What Counts as a Third Class Relic?

Okay…so in November of 2010 I was privileged to spend a week on the Mount of Olives with my sister who was attending a prophetic harp school (led incidentally by a Messianic Jew) at a 24hr House of Prayer. Naturally I bought all sorts of potential sacramental goodies. Now, I brought my rosaries to the Holy Sepulchre, and found myself at the 14th or 13th Station, (wherein is displayed the Mensa that Christ was laid on (as well as to the Tomb of Lazarus) and to the Site of the Crucifixion (the upstairs Shrine apparently overseen by Russian Orthodox). Would that make the rosaries (and/or other objects placed upon them) Third Class Relics, or would the item have to have been touched to the Mensa by a priest? As an aside, I was quite moved by finding myself there, and experienced a deeply personal Moment of the Spirit which I somehow feel would be cheapened if I attempted to share it publicly :blush:

(Interestingly, my former rector (an Anglo-Catholic Episcopal priest who has since been received into the Roman Communion and ordained to the Roman priesthood) at the time had an actual Relic of Pope St. Pius X (a sliver of fingernail I am thinking) that he had been given which I thought not a little awkward at first.)

If you read throughout this thread forums.catholic.com/showthread.php?t=553685 your likely to find the answer.


Hmmm…i think that answers it…although. nothing on the thread contradicted what I thought I knew…only it did not address the question directly of whether anyone can ‘create’ a Third Class Relic, or whether only members of the reverend Clergy can…but thanks all the same. (I also have some index cards which I placed on the Mensa (following after a group of either Hispanic or Italian (?) pilgrims who took various items and made a great showing of rubbing it over a large surface area) and now keep safely within my Saint Augustine’s Prayer Book

Yes, I would say what you have are third-class relics.

Contrary to what some others have said - and believe me, I have studied this in incredibly exhaustive detail - the Church only officially speaks about and governs by canon law first-class relics: the actual bodies or parts thereof of saints, or the instruments of the passion of the Lord, etc. Anything else is more properly considered to be a larger class of “secondary” relics: things holy through contact with the Lord, saints, etc.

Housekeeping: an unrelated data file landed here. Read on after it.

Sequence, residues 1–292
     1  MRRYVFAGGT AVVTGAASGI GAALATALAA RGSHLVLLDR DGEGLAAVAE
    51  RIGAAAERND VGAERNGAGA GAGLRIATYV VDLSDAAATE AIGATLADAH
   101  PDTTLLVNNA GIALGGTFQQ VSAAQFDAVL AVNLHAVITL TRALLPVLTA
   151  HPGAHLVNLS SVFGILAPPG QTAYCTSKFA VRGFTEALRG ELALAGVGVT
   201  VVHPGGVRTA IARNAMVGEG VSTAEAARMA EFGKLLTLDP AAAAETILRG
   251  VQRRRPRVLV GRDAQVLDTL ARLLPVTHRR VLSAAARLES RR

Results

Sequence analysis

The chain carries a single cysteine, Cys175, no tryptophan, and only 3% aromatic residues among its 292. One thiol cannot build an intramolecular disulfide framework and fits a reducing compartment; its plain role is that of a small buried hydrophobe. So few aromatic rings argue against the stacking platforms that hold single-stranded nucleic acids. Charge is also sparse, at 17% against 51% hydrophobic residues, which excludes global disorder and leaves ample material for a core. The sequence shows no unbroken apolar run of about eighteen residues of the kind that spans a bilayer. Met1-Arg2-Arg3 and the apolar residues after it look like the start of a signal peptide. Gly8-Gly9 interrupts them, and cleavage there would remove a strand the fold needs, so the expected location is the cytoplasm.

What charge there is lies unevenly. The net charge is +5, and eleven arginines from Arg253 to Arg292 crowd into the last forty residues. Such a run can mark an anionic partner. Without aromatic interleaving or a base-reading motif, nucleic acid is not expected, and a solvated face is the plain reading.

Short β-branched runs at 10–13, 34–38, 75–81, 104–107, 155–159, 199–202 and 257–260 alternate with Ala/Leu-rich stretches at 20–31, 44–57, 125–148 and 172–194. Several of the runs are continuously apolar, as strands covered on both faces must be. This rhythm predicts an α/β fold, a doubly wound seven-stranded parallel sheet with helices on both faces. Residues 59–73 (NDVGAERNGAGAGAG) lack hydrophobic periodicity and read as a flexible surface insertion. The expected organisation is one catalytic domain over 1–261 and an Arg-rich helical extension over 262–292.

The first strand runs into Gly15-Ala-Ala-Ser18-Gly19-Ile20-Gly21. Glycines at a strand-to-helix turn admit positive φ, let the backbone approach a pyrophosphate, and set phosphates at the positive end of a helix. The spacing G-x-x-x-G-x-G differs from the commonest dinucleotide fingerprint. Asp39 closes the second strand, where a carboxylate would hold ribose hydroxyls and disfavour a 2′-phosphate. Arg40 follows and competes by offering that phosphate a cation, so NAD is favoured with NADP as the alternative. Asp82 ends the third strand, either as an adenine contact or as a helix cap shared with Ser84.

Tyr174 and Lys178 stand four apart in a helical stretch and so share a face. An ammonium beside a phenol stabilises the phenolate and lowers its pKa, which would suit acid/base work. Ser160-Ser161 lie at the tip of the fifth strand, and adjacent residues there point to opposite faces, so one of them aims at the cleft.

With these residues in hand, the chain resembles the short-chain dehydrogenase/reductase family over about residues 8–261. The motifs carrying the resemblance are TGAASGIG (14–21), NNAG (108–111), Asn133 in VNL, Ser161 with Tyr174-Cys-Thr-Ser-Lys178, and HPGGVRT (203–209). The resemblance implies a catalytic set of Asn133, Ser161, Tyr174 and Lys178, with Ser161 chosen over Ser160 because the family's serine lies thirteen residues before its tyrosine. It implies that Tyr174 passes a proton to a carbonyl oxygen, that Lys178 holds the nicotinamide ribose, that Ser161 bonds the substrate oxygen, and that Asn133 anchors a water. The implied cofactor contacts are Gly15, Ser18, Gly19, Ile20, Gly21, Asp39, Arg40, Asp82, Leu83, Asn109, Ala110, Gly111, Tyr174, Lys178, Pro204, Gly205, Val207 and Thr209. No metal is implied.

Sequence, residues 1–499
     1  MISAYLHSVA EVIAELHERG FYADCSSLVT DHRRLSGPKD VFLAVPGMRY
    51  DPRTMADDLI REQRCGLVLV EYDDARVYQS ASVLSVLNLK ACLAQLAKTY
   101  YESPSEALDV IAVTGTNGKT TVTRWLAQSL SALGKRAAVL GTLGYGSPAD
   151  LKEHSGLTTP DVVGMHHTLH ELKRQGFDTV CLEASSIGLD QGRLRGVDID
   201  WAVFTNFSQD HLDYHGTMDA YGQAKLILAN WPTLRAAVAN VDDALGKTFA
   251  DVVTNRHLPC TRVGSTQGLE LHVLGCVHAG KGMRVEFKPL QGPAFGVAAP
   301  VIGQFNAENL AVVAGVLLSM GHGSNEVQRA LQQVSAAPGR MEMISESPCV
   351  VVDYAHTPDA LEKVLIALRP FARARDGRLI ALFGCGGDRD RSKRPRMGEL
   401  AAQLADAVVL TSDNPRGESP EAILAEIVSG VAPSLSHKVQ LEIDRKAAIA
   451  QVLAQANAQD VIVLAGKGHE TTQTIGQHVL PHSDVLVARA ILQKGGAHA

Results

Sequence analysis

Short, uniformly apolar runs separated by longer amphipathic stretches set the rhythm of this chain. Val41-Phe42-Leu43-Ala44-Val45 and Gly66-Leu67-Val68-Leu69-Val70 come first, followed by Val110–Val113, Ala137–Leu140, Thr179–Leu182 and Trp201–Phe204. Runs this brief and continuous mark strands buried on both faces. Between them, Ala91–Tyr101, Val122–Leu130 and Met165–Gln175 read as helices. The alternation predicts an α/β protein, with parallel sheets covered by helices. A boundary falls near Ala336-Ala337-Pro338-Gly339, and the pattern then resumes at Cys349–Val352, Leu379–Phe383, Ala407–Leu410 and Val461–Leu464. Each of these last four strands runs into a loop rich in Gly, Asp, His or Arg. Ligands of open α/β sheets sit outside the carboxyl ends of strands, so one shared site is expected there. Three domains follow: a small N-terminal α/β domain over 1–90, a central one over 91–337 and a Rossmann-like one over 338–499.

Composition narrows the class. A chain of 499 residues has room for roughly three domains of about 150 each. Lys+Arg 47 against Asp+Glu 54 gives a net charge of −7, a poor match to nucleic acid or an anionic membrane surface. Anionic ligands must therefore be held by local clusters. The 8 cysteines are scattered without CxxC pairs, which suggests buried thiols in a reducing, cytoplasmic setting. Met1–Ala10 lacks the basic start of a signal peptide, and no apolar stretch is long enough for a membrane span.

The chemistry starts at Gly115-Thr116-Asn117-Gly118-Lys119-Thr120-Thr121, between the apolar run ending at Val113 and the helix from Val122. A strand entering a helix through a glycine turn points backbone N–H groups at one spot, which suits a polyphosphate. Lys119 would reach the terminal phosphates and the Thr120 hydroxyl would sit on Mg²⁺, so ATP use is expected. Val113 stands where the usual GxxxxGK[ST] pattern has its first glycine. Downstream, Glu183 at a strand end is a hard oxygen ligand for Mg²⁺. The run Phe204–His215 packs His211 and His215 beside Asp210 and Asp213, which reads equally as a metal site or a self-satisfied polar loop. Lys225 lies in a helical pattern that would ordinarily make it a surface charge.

There is something of a subjective element in creating third-class relics. It is not an exact science. It depends in part on your devotion and your intentions. We Catholic Christians (including Orthodox) like to touch and kiss relics. The idea of a third-class relic of any kind is to imbed that “touch” into an object that we can carry away and continue to venerate after having left the actual presence of a holy person or thing.

Does that make sense?

Oh yeah, it makes perfect sense. Why, I remember the first First Class Relic that I encountered, and kissed -a fingerbone of St. Winifride of Wales, encased in crystal. You joined the line, and when it was your turn, the priest thrust the semi-globe forward. (Cyrstal hurts, if you’re not prepared for it). And then there was the relic room at the Ladyewell at Fernyhalgh (in Lancashire): I was making an informal pilgrimage there, and volunteers were in the midst of building news cases for the many, many Relics, affixed in lots to wooden wheels (all labeled, all with provenance, and all very, very small. I could have reached out and physically touched the individual Relics, had I been mad enough to try, and been so inclined. It was an amazing experience to be in the presence of such a record of witness to Christ!

And for some reason I am constitutionally incapable from desiring to place a kiss at the feet of any statue of Our Lady (in fact I do it every time I light or douse the candles of the Ladyshrine at the back of my parish church when I acolyte), and kissing is really the only appropriate action for any Icon -its a wonder I haven’t worn my Icons clear to the other side of the plaque)

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